Stack Class in Java

Stack is a data structure that follows the LIFO (Last In First Out) order. That means, if any element is inserted in a stack, it will be inserted at the “top” position.

In this post, we’ll talk about Stack class in Java and how it works.

In Java, the stack is a legacy class that follows the stack data structure to store elements and provide a different method to perform operations.

How to Create a Stack?

The below example creates an empty Stack. Remember to import java.util.Stack;

Stack<E> stack = new Stack();

Here E is the type of Object. It can be Integer, String, etc (Non Primitives Only).

Java Stack Declaration:

Below is the exact Stack class present in the JDK:

package java.util;

public class Stack<E> extends Vector<E> {
    private static final long serialVersionUID = 1224463164541339165L;

    public Stack() {
    }

    public E push(E var1) {
        this.addElement(var1);
        return var1;
    }

    public synchronized E pop() {
        int var2 = this.size();
        Object var1 = this.peek();
        this.removeElementAt(var2 - 1);
        return var1;
    }

    public synchronized E peek() {
        int var1 = this.size();
        if (var1 == 0) {
            throw new EmptyStackException();
        } else {
            return this.elementAt(var1 - 1);
        }
    }

    public boolean empty() {
        return this.size() == 0;
    }

    public synchronized int search(Object var1) {
        int var2 = this.lastIndexOf(var1);
        return var2 >= 0 ? this.size() - var2 : -1;
    }
}

As you can see, it supports only 5 operations i.e push(), pop(), peek(), empty(), and search(). Also, it extends the Vector class therefore, it inherits all methods of the Vector class as well.

Java Stack Methods:

Below is a quick definition of Java Stack methods:

E push(E item):Pushes an item onto the top of this stack.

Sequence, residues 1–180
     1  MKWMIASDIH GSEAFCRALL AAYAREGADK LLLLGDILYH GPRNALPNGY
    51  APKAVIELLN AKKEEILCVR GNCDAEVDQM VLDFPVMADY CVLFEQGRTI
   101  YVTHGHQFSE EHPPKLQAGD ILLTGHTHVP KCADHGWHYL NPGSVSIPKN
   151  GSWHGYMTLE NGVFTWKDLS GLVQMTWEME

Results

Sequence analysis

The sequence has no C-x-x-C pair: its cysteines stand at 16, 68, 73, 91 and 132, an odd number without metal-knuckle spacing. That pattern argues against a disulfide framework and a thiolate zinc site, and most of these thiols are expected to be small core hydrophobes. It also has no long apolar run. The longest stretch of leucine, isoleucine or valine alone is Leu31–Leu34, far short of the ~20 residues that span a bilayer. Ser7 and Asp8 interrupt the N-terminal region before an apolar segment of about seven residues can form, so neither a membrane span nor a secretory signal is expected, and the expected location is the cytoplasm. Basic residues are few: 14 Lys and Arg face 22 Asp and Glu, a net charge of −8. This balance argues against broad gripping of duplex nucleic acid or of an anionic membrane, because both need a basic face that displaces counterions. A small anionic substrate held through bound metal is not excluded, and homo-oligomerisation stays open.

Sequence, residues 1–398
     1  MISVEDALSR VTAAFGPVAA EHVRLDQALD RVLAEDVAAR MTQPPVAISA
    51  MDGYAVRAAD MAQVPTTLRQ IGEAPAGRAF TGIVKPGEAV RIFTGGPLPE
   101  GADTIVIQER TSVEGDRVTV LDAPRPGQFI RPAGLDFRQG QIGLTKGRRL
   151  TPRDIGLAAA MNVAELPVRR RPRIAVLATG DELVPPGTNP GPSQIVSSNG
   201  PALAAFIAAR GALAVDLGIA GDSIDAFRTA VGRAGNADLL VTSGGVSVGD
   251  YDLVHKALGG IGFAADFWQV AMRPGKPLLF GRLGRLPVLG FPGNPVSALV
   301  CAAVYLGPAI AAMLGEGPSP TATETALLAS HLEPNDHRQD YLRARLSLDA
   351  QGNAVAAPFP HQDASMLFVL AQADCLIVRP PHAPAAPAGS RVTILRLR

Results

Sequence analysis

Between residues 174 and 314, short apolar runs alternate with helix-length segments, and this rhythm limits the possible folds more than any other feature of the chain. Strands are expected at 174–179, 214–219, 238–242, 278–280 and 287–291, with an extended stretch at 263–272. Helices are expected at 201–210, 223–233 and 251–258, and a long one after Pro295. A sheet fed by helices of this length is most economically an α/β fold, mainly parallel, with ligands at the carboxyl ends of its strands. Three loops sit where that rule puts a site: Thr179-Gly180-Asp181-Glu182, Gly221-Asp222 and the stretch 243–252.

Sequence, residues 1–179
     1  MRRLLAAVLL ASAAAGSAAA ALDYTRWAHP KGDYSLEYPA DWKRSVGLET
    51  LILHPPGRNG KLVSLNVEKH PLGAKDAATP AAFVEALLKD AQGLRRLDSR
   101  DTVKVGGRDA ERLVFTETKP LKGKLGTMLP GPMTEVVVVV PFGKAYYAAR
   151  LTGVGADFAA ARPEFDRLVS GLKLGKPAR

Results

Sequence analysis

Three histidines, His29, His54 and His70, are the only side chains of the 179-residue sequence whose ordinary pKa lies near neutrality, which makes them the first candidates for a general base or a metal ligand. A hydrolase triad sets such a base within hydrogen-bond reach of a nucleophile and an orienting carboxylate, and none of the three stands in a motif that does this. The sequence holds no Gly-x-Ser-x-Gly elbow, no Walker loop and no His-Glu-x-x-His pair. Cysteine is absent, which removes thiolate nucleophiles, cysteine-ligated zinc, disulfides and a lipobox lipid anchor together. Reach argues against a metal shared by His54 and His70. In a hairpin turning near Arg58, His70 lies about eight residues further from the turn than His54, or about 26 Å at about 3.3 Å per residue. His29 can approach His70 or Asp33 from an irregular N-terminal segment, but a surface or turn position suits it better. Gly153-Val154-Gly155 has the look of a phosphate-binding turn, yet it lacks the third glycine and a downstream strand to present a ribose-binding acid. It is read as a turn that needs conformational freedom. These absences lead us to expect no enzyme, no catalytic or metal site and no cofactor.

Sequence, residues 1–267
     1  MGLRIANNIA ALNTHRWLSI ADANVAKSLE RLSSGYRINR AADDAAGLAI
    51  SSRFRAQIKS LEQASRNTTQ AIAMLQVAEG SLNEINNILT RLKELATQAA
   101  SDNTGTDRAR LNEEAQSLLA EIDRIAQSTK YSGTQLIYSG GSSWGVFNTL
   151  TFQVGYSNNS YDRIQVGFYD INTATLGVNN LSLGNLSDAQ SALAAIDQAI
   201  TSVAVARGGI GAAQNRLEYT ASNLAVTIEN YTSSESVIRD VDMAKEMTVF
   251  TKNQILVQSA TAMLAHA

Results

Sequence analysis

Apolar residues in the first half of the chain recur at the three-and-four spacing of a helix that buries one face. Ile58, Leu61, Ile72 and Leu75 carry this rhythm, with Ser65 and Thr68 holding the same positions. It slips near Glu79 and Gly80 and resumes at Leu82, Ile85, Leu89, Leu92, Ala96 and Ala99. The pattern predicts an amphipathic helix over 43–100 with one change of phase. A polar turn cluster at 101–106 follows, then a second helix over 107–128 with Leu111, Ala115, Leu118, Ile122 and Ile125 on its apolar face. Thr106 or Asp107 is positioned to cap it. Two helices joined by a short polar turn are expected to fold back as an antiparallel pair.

E pop():Removes the object from the top of the stack and returns the same value.
E peek():Returns the value from the top of the stack (without removing).
boolean empty():Check if the stack is empty.
int search(Object o):Returns the position where an object is present on the stack.

How to Perform Operations In Stack?

Let’s see some of the famous operation that can be performed on Stacks in Java.

1. Push Operation:

import java.util.Stack;

public class StackDemo {

    public static void main(String[] args) {

        // Initialization of Stack (Integer Type)
        Stack<Integer> stackObj = new Stack<>();

        // pushing element into stack
        stackObj.push(10);
        stackObj.push(8);
        stackObj.push(3);

        // Printing the Stack Elements
        System.out.println(stackObj);
        
    }
}

Output:

[10, 8, 3]

2. Pop Operation:

public class StackDemo {

    public static void main(String[] args) {

        // Initialization of Stack (Integer Type)
        Stack<Integer> stackObj = new Stack<>();

        // pushing element into stack
        stackObj.push(10);
        stackObj.push(8);
        stackObj.push(6);

        // Printing the Stack Elements
        System.out.println("Before Removing -> " + stackObj);

        // Removing elements by Pop Operation
        stackObj.pop();

        // Printing the Stack Elements
        System.out.println("After Removing -> " + stackObj);

    }
}

Output:

Before Removing -> [10, 8, 6]
After Removing -> [10, 8]

As you can see, element added in the last was removed from the Stack (LIFO property)

3. Peek Operation:

public class StackDemo {

    public static void main(String[] args) {

        // Initialization of Stack (Integer Type)
        Stack<Integer> stackObj = new Stack<>();

        // pushing element into stack
        stackObj.push(10);
        stackObj.push(8);
        stackObj.push(6);

        // Getting Top Operation
        Integer peekElement = stackObj.peek();

        // Printing the Top Elements
        System.out.println("Element at top -> " + peekElement);

    }
}

Output:

Element at top -> 6

NOTE: Stack class in Java is a thread-safe class and hence involves overhead (acquiring and releasing thread-locks is relatively expensive). In a single-threaded environment, it is recommended to use ArrayDeque for stack implementation as it is more efficient.

Official Docs: Click here